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Apple iTunes Upsampling Higher Resolution Videos? 201

An anonymous reader writes "Engadget has a revealing look at Apple upsampling some of their new 640x480 videos from lower quality 320x240 videos. In fact, their upsampling appears to produce lower quality videos than quickly upsampling yourself with Quicktime. The worst part may be that Apple is charging people to download these new higher resolution videos even if they've already purchased the original, so people are essentially paying for nothing."
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Apple iTunes Upsampling Higher Resolution Videos?

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  • Why? (Score:4, Interesting)

    by Watson Ladd ( 955755 ) on Saturday September 30, 2006 @06:19AM (#16257163)
    This makes no sense. Apple could use quicktime on all of the videos with ease, or resample. But instead they make the quality worse then if they had used Quicktime. I don't see how Apple wouldn't have used Quicktime in the first place considering they made it. Computer time really isn't an issue for Apple.
    • Re:Why? (Score:4, Insightful)

      by MicrosoftRepresentit ( 1002310 ) on Saturday September 30, 2006 @06:53AM (#16257269)
      Apple doesn't do the upsampling, their content providers do. Blame Apple for not putting more pressure on them (although Apple are still in the 'beggars cant be choosers' stage here, so they probably cant put any pressure on at all), blame the providers for crappy quality.
      • Re:Why? (Score:4, Interesting)

        by Anonymous Coward on Saturday September 30, 2006 @07:39AM (#16257407)
        "Apple doesn't do the upsampling, their content providers do."

        Actually, in this case, I believe they are doing the upsampling. Generally, the larger labels really don't care about reencoding what they've already put up there -- they only care about getting the new stuff up there.

        I'm not sure why everyone thought that just because there is a new format, everything was going to be magically resubmitted to Apple.

        At the same time, a good friend of mine just sent a note stating his lable just got word from Apple that at least the audio components of the iTS (I guess its no longer the iTMS) are going to need uploaded in Apple Lossless Format. Does this mean Apple is looking forward to holding the uncompressed files and transmitting compressed or are they going to do the lossless files to the customer? He didn't know because the note said nothing about it.

        Personally, I've never worried about the quality of the videos and all that. The videos are almost always better than I get from my local cable station...whatever that may be. After Battlestar went iTMS last year, I stopped doing the torrent thing and bought them from Apple (I also bought them on DVD, so I was never worried about the torrent stuff...I buy when I have a legal alternative). The iTMS vids were lesser quality than the torrents, *BUT* you never really noticed unless you were either completely anal or had paused a shot. Either way, the content of the show was there and it wasn't like Apple was providing an abridged version of the content. Same with music...as a former professional musician (and by that, I don't mean I've played a few bars) I've never really worried about CD vs. MP3 and I know very few pros that do. I use to get all sorts of promos and prereleases and everything else on CD...now they all send URLs to pick up the MP3s and they are happy with what it is. The last time I got a CD was at a release party and even then it was hinted that since I wasn't a journalist, there were only limited copies available.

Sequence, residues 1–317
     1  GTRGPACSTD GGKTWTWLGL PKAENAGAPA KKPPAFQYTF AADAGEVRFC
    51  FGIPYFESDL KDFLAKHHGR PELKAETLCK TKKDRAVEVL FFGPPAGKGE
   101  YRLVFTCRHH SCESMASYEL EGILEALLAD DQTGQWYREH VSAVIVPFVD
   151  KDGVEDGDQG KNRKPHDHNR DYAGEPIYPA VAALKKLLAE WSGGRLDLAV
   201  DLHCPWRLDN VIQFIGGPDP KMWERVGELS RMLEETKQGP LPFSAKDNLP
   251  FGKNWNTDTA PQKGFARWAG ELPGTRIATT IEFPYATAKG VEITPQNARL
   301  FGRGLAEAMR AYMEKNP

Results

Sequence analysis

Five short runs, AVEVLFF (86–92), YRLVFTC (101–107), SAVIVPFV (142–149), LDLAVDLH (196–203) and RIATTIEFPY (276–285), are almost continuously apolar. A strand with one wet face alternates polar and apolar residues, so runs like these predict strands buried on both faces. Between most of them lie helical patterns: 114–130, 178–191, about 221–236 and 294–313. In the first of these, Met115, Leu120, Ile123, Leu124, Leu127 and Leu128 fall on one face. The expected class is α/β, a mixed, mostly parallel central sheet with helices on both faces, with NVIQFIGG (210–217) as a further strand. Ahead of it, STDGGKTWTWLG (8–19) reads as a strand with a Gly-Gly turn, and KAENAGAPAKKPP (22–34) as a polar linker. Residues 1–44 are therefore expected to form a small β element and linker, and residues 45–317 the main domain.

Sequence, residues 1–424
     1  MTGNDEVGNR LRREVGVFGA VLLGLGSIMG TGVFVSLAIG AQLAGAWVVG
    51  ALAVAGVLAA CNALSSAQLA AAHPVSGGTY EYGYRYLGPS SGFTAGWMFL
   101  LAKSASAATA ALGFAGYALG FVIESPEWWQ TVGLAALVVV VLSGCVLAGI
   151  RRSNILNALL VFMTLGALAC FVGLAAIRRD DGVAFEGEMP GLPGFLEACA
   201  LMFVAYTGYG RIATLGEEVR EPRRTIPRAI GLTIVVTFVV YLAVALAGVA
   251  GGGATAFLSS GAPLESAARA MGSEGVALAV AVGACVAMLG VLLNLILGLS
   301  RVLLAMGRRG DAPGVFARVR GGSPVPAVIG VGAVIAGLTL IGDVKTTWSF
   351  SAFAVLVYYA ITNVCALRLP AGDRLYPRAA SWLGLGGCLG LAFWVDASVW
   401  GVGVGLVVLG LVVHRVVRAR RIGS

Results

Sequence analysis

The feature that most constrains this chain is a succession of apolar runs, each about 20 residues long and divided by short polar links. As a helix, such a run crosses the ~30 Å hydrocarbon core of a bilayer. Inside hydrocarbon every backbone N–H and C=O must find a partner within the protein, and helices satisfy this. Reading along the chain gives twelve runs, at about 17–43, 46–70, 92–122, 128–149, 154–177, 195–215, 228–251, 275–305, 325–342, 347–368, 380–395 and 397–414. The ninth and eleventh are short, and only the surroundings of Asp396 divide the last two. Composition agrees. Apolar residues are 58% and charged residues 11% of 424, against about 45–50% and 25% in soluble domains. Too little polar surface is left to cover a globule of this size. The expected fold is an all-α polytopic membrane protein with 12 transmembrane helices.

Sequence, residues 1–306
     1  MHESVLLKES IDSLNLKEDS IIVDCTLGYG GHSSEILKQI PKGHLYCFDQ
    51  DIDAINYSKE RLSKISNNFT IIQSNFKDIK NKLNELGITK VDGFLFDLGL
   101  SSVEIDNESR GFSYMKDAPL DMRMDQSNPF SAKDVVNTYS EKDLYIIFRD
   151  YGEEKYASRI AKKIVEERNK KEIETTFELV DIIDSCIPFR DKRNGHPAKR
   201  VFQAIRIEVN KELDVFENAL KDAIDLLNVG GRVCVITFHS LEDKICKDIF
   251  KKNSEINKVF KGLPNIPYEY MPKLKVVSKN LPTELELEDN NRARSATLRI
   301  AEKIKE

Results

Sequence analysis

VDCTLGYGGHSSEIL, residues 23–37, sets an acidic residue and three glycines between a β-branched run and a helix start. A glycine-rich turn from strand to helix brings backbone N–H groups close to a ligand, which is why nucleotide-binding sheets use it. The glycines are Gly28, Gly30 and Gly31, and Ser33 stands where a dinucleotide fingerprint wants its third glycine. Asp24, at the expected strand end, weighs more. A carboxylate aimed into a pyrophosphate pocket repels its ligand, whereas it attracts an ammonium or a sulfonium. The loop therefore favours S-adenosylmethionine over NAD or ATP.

This just goes back to content over 'quality'. Bad pop music with a limited lifespan? Yeah, it better be 100% lossless and the video at HD quality -- I'm going to get sick of it with each passing listen, so it needs to be perfect each time or I'll discard it that much faster. True classics? Well, I just transfered some shitty reel to reel studio outtake from an old blues guitarist that had molded up in someones basement to digital...there are dropouts and songs that just end and a general dampness about the sound that distorts it and makes it sound like its playing through wet cardboard...and its PERFECT. I couldn't imagine listening to this in any other format.

        I guess this is the difference between consumers and creators. Consumers can't add anything to what they buy...creators will fill in the blanks in their head and be satisfied without whinging endlessly about getting ripped off.

        I've ranted too long on this subject...
        • Re:Why? (Score:4, Informative)

          by jcr ( 53032 ) <<jcr> <at> <mac.com>> on Saturday September 30, 2006 @08:59AM (#16257813) Journal
          Actually, in this case, I believe they are doing the upsampling.

          Nope. Everything you can download from the iTMS today was submitted by the labels.

          At the same time, a good friend of mine just sent a note stating his lable just got word from Apple that at least the audio components of the iTS (I guess its no longer the iTMS) are going to need uploaded in Apple Lossless Format. Does this mean Apple is looking forward to holding the uncompressed files and transmitting compressed or are they going to do the lossless files to the customer?

          Neither. It means that Apple's getting too many complaints about the labels botching the conversion, so they want to do the compression in-house for quality control.